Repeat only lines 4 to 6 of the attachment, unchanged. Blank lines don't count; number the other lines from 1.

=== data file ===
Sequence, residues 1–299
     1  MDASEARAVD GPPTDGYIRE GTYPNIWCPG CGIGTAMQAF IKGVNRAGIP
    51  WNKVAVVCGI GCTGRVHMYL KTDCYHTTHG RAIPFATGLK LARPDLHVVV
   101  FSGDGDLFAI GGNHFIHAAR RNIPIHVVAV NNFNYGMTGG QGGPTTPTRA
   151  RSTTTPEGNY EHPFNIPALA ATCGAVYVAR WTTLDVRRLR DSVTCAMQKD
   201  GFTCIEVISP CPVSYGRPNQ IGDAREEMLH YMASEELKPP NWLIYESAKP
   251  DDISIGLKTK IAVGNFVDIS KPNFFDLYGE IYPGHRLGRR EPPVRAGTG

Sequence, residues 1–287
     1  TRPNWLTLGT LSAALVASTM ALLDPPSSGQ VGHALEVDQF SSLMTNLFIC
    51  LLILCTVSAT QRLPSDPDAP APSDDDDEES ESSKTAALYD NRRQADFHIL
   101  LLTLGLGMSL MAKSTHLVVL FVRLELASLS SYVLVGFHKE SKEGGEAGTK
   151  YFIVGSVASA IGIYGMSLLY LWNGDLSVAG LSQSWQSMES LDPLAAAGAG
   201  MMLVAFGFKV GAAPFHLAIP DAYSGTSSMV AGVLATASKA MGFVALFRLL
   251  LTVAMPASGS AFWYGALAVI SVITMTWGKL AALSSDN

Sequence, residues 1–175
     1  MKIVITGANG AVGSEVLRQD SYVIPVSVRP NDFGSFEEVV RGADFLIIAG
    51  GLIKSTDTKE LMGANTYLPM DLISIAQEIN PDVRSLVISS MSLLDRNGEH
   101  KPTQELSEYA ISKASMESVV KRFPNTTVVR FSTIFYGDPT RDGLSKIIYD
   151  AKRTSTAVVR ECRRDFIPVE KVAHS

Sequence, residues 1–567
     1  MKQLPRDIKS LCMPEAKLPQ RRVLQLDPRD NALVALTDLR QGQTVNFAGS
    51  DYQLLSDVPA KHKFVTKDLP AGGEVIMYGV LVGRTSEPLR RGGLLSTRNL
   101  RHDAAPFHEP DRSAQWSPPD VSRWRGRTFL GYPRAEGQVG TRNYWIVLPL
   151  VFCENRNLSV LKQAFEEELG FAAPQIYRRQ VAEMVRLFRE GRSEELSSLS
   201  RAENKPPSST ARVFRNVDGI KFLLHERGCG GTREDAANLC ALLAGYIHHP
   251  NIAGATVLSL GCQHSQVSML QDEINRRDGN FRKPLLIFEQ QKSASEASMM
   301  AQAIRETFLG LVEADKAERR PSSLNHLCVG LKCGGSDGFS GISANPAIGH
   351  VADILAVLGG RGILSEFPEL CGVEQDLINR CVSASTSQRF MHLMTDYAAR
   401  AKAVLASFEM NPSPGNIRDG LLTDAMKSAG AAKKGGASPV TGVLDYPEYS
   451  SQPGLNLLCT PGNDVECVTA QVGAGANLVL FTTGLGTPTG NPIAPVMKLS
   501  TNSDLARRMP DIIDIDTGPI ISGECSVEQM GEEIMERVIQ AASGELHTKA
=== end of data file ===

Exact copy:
   101  FSGDGDLFAI GGNHFIHAAR RNIPIHVVAV NNFNYGMTGG QGGPTTPTRA
   151  RSTTTPEGNY EHPFNIPALA ATCGAVYVAR WTTLDVRRLR DSVTCAMQKD
   201  GFTCIEVISP CPVSYGRPNQ IGDAREEMLH YMASEELKPP NWLIYESAKP